As an avid seaglass huntress on the Outer Banks for the past decade, I am always on the lookout for my next “prized” find, and for me, the chunkier the seaglass, the more cherished it becomes.
Seaglass is a new creation that is loved by many in these modern times, but comes from something disregarded by our ancestors as waste, which I find incredibly fascinating. Even if I just find one tiny piece of frosty white glass, which is the most common color to find, I always tell myself that “one’s better than none.” Many times, seaglass pieces are relatively flat and less than a quarter-inch thick, and I say relative because most seaglass comes from broken bottles, which are usually curved vessels. However, on occasion, the ocean tosses up a lovely chunky piece that makes me do a dance, singing my altered song: “I like big chunks and I cannot lie!” (Anytime I find something unique or uncommon, I usually sing and dance, just in case you ever see me in action – Don’t be alarmed.)
There are many examples of glass vessels that can produce chunky seaglass pieces. I have learned over the years about such a wide range of items that are now made out of plastics, but were once made from glass, and that knowledge has helped me find many chunky pieces. So I believe that the more you learn about the different types of glass objects that were used in the past, the more you will find better types of seaglass.
Let’s start with my favorite and rarer chunks to find, glass insulators. I actually had no idea about glass insulators when I first started seaglass hunting back in 2005.
Glass insulators have been used around the world since the invention of the telegraph, and come in a rainbow of colors. Nowadays, in America, insulators are made from ceramics and plastics, but when I was visiting Old San Juan, Puerto Rico, I saw on the corners of their blueish-greyish brick roads, up in the top eves of several of the buildings, were clusters of aqua insulators still wrapped up with wire. My parents remember seeing these glass objects laying along the railroad tracks of their hometown in Pennsylvania, but I would have never thought to ask my parents if they knew about them, nor noticed them in Puerto Rico if it wasn’t for seaglass.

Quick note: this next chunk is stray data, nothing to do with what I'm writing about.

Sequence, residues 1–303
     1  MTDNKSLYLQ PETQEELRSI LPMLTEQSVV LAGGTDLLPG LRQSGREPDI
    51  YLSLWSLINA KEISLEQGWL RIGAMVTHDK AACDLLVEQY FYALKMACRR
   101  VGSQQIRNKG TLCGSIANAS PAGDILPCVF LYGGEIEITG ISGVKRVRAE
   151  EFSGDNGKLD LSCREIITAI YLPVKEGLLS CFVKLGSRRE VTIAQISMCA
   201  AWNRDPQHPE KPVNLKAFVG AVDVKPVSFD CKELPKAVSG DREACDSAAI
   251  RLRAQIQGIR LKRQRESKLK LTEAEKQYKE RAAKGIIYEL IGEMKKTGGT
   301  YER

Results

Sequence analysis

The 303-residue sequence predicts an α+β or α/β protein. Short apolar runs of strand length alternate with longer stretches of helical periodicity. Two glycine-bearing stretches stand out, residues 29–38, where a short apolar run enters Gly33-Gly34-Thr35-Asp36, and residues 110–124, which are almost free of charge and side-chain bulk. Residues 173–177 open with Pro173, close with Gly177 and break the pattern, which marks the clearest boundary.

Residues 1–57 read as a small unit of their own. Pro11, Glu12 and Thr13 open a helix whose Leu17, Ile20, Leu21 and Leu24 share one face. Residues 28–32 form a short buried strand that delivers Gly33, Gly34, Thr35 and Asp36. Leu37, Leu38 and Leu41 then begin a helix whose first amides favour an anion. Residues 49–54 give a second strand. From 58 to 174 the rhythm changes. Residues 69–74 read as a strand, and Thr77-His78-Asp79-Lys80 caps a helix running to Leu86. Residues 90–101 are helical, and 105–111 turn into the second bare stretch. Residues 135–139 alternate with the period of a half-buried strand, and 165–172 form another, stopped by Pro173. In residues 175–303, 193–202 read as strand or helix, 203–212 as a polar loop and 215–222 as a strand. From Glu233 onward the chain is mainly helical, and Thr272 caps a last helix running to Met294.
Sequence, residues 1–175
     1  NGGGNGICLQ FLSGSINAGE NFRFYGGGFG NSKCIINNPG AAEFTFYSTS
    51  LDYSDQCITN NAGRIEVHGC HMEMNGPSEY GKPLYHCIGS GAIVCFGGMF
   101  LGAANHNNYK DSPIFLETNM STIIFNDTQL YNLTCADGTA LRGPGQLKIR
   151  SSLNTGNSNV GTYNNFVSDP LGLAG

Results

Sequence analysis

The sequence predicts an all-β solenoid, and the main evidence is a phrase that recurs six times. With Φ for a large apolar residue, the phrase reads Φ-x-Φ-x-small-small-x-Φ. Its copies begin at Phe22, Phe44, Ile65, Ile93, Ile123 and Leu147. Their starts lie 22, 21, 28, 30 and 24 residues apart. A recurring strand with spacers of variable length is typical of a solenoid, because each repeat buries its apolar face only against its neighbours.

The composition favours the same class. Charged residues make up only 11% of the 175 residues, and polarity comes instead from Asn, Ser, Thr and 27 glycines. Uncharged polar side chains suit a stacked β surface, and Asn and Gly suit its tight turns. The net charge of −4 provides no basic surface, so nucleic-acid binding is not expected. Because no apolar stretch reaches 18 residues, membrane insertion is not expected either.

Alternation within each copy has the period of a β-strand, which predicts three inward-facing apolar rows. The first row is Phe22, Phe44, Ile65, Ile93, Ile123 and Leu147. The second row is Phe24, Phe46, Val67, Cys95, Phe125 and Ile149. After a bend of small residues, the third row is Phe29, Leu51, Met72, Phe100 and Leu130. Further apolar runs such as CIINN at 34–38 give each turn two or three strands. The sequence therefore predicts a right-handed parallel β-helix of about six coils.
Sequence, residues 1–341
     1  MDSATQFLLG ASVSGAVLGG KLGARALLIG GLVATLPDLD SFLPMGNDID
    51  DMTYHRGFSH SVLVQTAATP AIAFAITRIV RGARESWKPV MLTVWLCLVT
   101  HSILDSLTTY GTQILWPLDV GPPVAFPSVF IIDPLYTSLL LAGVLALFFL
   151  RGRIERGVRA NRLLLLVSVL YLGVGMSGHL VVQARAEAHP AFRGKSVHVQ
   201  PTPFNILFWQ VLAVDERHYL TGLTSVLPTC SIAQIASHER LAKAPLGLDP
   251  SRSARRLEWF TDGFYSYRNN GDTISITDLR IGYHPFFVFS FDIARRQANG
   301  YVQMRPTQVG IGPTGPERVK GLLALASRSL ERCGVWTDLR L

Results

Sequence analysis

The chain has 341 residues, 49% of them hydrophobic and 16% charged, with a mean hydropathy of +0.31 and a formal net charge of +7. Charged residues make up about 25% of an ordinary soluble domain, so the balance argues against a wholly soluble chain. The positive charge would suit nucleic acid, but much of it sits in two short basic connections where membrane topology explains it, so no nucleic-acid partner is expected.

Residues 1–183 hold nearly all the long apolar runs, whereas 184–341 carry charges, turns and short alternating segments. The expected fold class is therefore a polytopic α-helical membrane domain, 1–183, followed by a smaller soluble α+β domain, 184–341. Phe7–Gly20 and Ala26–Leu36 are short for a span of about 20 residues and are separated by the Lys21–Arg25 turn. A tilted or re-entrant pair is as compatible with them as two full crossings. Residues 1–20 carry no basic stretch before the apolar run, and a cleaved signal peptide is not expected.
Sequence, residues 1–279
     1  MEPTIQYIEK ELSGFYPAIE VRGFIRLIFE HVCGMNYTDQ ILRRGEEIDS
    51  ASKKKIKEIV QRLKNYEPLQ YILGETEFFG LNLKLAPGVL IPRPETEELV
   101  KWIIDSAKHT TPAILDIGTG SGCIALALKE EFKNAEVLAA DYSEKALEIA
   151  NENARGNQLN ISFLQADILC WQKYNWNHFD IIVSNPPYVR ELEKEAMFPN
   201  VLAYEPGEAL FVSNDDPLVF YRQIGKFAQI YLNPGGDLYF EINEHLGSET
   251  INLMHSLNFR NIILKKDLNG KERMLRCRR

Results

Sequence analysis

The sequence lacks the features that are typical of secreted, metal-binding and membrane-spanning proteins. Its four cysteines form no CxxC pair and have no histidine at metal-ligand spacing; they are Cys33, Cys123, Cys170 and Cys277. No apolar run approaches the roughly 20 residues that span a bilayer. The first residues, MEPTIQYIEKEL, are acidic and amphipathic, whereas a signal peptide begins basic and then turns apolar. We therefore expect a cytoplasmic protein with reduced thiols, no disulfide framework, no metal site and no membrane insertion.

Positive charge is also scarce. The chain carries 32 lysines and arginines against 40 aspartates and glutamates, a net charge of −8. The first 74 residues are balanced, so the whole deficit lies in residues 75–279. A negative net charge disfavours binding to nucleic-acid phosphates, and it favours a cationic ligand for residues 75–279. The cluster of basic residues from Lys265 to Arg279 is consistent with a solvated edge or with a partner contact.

The day I found my first seaglass chunk of an insulator is a day I will never forget! The beach was very clean, and when I say clean, I mean that it was all sand, with no shell pits or seaweed piles, (and I do not mean that it was lacking in trash, because that is never the case.) Since there was a lot of sand I was not finding many treasures, and when I’m not finding goodies, I hunt for trash, because when it is sandy looking along the tideline, that usually means it’s windy or has recently been windy. The trash that washes up or has been buried in a thin layer of sand is now being blown up into the dunes, like plastic bags and balloons, but also Styrofoam pieces and plastic bottles.
Picking up garbage during a beach walk is a best practice that I encourage everyone to do, and when I’m going through a dry spell of not finding any seaglass, I go searching for trash. The funny thing is that whenever I go “out-of-my-way” to get trash, I’m usually instantly rewarded and it’s usually with a show-stopping, mind-blowing, amazing piece of seaglass.
This was one of those moments. I noticed an aqua-colored object way up by the dunes, about 20-30 feet from the tideline. Down by the water, it appeared to look like a sippy cup for a toddler, but once I got up to it, I was in total shock because it was a beautiful piece of seaglass. At the time when I found it, I was a beginner at beachcombing, and couldn’t imagine a piece this big existed.